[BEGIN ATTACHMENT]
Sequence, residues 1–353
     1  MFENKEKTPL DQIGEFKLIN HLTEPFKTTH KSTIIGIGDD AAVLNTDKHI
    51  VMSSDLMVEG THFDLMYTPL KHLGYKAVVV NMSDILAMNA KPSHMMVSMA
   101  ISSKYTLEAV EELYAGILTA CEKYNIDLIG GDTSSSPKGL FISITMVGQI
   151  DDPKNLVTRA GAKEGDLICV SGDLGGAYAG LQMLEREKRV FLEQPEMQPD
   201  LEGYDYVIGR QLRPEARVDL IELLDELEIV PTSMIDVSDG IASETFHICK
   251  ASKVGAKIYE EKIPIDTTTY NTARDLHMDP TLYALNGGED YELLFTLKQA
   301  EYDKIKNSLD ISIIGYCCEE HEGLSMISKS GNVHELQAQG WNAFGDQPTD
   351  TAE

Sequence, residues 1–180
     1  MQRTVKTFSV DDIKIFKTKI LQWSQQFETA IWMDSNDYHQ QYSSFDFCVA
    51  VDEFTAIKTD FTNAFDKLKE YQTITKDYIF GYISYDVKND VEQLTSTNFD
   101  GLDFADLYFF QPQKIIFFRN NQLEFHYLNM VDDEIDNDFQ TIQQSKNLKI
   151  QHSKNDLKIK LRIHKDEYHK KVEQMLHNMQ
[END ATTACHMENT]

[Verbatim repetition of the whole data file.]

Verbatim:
Sequence, residues 1–353
     1  MFENKEKTPL DQIGEFKLIN HLTEPFKTTH KSTIIGIGDD AAVLNTDKHI
    51  VMSSDLMVEG THFDLMYTPL KHLGYKAVVV NMSDILAMNA KPSHMMVSMA
   101  ISSKYTLEAV EELYAGILTA CEKYNIDLIG GDTSSSPKGL FISITMVGQI
   151  DDPKNLVTRA GAKEGDLICV SGDLGGAYAG LQMLEREKRV FLEQPEMQPD
   201  LEGYDYVIGR QLRPEARVDL IELLDELEIV PTSMIDVSDG IASETFHICK
   251  ASKVGAKIYE EKIPIDTTTY NTARDLHMDP TLYALNGGED YELLFTLKQA
   301  EYDKIKNSLD ISIIGYCCEE HEGLSMISKS GNVHELQAQG WNAFGDQPTD
   351  TAE

Sequence, residues 1–180
     1  MQRTVKTFSV DDIKIFKTKI LQWSQQFETA IWMDSNDYHQ QYSSFDFCVA
    51  VDEFTAIKTD FTNAFDKLKE YQTITKDYIF GYISYDVKND VEQLTSTNFD
   101  GLDFADLYFF QPQKIIFFRN NQLEFHYLNM VDDEIDNDFQ TIQQSKNLKI
   151  QHSKNDLKIK LRIHKDEYHK KVEQMLHNMQ